to talk to them about the possibility of doing a dental trip combined with helping them on their homestead and seeing if they thought it could work. One year later, there we were making a dream a reality! We did dental service for two days, then did one day of building garden boxes, and then did dental service again on the fourth day. It worked out really well to break up the dental days like that and it was fun to serve in a different way, getting our hands dirty, being with the people in their homes, seeing the joy on their faces as they watched us build and plant their garden boxes. It was fun to watch them pick out which plants they wanted. It is an amazing program and I encourage you to learn more about them directly through their website instead of me trying to explain it to you in my own words. Their website is www.mayanecohomestead.org
This year we were able to treat 32 people and pulled 533 teeth in three days. We had three dental chairs, one dentist doing triage, one hygienist doing anesthesia, five people assisting (one for each of the four dentist and one for the hygienist), two people sterilizing instruments, and three people organizing and handing out humanitarian kits, blankets, hats, toys, etc, and helping with crowd control. We also had Greg, Lucy, Juan (Greg and Lucy’s employee), and Elmer (our driver) helping with translation and crowd control. Within a few hours into our first day we were working together like a well oiled machine. Everyone just instinctively knew where they needed to be and everyone pitched in 100%. It was a great first year and first team for Nathan and I to be team leaders and we are so happy with the experience! We also built and planted 9 garden boxes with square foot framing and chicken wire fencing during
our one day helping Greg and Lucy. Our team, along with other donations, was able to donate $2,200. That is enough to send 22 families through their program! Each family will receive a 10 hour course teaching them everything they need to know about square foot gardening, worm composting, etc., a garden box complete with starter plants, 6 months of follow up to make sure their gardens are growing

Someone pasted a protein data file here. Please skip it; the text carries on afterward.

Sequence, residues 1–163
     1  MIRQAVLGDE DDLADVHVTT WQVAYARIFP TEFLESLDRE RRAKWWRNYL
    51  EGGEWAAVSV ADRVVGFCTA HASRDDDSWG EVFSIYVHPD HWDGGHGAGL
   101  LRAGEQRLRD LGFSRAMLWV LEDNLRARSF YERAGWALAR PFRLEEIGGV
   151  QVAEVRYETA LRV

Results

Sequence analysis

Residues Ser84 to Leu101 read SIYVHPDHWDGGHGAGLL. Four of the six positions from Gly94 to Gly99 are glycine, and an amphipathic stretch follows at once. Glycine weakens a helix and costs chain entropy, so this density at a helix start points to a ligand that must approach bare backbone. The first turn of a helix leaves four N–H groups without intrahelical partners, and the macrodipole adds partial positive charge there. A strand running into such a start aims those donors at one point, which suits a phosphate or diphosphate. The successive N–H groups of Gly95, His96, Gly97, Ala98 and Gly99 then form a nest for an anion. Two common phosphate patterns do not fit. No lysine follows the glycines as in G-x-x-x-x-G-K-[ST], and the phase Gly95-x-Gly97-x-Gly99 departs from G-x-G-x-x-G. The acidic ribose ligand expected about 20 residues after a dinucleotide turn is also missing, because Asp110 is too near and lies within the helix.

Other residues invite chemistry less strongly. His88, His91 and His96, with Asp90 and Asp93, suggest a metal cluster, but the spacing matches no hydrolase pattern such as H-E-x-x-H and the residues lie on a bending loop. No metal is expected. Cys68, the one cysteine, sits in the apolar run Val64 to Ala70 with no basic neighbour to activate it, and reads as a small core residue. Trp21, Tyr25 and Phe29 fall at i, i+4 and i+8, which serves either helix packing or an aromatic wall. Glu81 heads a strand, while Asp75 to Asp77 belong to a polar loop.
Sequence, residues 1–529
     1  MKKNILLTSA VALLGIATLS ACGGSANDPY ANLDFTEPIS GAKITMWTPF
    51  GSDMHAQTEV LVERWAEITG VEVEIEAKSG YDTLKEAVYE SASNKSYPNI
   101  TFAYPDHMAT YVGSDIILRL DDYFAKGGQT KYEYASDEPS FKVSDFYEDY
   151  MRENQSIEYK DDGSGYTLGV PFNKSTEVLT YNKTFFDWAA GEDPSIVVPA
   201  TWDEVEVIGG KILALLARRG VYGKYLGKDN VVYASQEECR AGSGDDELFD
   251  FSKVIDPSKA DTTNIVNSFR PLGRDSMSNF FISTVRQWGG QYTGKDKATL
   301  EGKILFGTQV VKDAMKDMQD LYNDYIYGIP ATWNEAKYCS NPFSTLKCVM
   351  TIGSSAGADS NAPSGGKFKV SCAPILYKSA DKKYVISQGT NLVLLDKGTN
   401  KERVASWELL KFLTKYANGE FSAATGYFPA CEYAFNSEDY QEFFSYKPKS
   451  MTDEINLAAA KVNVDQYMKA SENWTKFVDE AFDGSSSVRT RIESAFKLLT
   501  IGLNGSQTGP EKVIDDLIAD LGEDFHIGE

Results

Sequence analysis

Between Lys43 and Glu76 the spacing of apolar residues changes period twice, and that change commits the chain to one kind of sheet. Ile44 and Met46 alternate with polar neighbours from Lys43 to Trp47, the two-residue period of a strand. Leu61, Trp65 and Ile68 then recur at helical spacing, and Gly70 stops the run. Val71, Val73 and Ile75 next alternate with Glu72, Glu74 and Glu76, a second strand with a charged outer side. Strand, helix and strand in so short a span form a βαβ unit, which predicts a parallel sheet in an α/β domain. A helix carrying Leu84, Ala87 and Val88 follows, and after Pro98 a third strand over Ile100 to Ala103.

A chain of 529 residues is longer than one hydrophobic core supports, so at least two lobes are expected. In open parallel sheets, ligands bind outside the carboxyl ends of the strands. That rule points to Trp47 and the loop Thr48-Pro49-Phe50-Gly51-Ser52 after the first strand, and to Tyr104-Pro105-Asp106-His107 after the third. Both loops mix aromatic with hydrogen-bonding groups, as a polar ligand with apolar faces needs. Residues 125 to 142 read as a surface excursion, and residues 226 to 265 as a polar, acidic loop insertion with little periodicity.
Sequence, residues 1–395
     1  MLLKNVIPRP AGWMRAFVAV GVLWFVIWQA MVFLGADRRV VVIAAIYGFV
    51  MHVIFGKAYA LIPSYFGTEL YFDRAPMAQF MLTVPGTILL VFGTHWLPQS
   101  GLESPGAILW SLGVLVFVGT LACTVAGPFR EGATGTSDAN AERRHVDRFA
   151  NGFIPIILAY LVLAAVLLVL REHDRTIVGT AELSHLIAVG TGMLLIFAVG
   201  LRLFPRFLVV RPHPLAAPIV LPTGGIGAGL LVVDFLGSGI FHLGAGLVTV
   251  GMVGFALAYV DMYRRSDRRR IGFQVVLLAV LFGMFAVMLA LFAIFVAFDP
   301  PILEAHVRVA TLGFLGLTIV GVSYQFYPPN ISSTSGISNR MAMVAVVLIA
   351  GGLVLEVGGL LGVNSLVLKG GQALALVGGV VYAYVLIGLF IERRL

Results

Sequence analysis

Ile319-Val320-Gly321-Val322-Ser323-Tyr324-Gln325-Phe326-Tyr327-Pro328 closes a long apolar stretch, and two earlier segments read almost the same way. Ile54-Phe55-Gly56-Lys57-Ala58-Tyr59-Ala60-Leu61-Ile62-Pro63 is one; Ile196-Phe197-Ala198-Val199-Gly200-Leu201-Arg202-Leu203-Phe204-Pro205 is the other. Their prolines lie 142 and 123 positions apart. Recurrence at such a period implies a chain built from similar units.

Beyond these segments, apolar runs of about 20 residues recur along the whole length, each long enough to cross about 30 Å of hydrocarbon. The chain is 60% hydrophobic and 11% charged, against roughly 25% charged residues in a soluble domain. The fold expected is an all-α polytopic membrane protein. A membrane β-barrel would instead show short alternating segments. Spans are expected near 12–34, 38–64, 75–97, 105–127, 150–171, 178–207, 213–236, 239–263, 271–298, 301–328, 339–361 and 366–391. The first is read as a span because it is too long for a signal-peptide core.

well, and cooking classes! Between our dental service and our service to the families in Greg and Lucy’s program I feel our team made a wonderful difference in Guatemala this year.
From Perry and Connie Tolman, Ontario, OR
To be part of a dental team helping and serving the people of Guatemala was such a blessing in our lives. For months we have prepared humanitarian items to give away and we were amazed at the many people who donated money and items to take to Guatemala. Our hearts were full as we witnessed our son and his wife as the leaders of this group and their expertise to organize and prepare items for the trip. But nothing prepared us for the feelings of actually being a part of the group and witnessing the love of the team as the lives of the Guatemalan people were touched. Tears came to our eyes many, many times during the week. The team members worked hard and gave service unselfishly. Words cannot express the feelings of giving a blanket, a hat, or a toy to someone in need and receiving a smile or thank you in return. It was fun to choose just the right blanket or item to give an individual, oftentimes using the spirit.
The dental process was a unique experience to witness. As support members we watched as triage was done on an individual, then they moved to the anesthesia station, and then on to the dentist. A highlight of the week was being able to go to the homes and setup the garden boxes. One lady was so willing to show us her humble home, her kitchen, and her needlework. She and her nephew were so excited to receive their garden boxes which they had earned by completing the course and to choose the garden vegetables to plant in the boxes.
Because of this trip we were able to experience being part of a team of amazing, spiritual people. We were able to see the hand of the Lord as His Children received needed care. The people howed gratitude by their smiles or nod of a head.
Perry & Connie Tolman
Guatemala Trip 2016
From Allan Stevenson DMD, Parma, ID